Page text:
Gail Sachson owns Ask Me About Art offering lectures, tours and program planning. She is Chair of the Cultural Affairs Commission and a member of the Public Art Committee.
It’s midnight after the opening of the international touring exhibition “The Fashion World of Jean Paul Gaultier: From the Sidewalk to the Catwalk” at the Dallas Museum of Art, and I am not going to bed until I can find the yellow tartan plaid cape I’ve had since the 60s. Thank goodness I still have my camouflage shirt. And I cannot believe I threw away those torn fish-net stockings. Those, too, looked terrific on Gaultier’s mannequins. And what mannequins! They talk. They sigh. They laugh. They pout. Thirty mannequins are enlivened by the use of video projections, reminding one of the art work of contemporary artist Tony Ousler, whose projections onto formless stuffed surfaces have been collected by the art world for years.
So, are Gaultier’s mannequins art? Are the fashion creations art? Gaultier says, “no”. Interim DMA Director Olivier Meslay says, “yes,” and Andy Warhol said “yes” as well.
With 130 ensembles displayed in six galleries within six themes, you will hardly have time or inclination to ponder that provocative question while visiting Gaultier’s world of wonder. You will wonder, however, who would ever wear these creations. Well, at least half the beautiful women at the opening party were wearing Gaultier. But the artist himself says that he actually prefers models who are not conventionally beautiful. He looks for the unusual. He looks for a model with personality and a unique character. He says, “Let’s show your difference.”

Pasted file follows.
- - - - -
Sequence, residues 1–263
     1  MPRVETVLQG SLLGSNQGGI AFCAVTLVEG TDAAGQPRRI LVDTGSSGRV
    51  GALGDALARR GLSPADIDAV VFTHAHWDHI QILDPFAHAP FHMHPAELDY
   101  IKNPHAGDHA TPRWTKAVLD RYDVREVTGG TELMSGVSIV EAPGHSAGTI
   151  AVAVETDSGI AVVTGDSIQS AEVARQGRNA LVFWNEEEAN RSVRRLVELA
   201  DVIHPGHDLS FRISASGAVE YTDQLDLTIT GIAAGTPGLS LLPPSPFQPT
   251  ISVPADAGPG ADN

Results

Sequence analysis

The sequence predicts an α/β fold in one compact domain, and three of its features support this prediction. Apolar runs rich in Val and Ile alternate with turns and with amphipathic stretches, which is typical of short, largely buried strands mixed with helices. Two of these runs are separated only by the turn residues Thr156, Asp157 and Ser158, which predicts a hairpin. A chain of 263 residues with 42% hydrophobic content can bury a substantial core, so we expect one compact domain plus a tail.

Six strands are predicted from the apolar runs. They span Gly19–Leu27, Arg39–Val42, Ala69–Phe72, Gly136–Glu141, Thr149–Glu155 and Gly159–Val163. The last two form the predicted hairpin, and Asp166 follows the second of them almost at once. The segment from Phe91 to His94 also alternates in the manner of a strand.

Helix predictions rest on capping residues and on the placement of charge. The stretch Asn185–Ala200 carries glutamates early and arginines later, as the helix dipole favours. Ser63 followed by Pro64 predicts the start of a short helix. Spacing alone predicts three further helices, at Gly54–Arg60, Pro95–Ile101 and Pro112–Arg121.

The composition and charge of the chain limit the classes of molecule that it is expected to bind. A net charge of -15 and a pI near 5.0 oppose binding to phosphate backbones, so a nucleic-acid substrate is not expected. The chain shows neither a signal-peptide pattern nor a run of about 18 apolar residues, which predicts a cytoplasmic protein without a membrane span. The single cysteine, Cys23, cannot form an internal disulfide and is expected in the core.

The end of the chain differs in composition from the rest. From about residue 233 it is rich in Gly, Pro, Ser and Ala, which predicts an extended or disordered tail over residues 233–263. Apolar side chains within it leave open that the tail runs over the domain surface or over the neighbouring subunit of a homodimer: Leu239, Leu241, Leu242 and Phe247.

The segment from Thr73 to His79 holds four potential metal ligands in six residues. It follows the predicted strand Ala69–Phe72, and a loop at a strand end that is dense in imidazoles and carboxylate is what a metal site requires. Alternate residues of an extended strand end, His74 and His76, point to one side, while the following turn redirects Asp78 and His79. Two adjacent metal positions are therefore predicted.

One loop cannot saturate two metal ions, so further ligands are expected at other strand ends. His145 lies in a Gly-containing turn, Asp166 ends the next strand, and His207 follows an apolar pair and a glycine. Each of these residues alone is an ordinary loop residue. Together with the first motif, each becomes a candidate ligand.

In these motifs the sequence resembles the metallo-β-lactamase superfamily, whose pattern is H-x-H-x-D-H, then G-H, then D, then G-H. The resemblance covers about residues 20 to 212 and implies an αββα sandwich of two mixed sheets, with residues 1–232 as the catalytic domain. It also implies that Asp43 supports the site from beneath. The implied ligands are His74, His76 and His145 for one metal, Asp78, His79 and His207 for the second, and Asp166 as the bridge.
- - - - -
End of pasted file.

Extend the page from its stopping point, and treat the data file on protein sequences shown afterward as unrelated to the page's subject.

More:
Inspired and indulged by his grandmother and mother, Gaultier looked longingly and quizzically at their corsets. He was drawn to the lacing and the mystery of the hidden garment. So he took them – the corset and the chemise – out of the closet and into the sun. Actually, he has been referred to as “smiling sunshine.” And he keeps us smiling by confronting us with the unconventional, as he and his moving mannequins wink at us wearing corsets, brassieres, religious symbols, flounces, feathers, leathers, leopard, gowns we can see through and underwear as outerwear. The fantasy world of Jean Paul Gaultier – “a courtier with a punk soul” – is presented as fun. (The weightier issues of gender equality, censorship, prejudice and tolerance we’ll save for another day and another discussion.) This night was made for a party.
And how did the party land here? Luckily for us, Meslay knows Nathalie Bondil, the Director of the Montreal Museum. She initiated the exhibit and he convinced her to send it on to Dallas with, I guess, a Texas sized “y’all come” in his delightful French accent. Dallas is one of the only two U.S. stops for the show. It opens in San Francisco in March after closing at the DMA Feb. 12.
So, is the show to shock? Is it applauding free expression? A rally against suppressed sexuality? Anti-religion? A marketing opportunity in difficult economic times?
All questions to ponder. But one thing is for sure – the fun has returned to the DMA.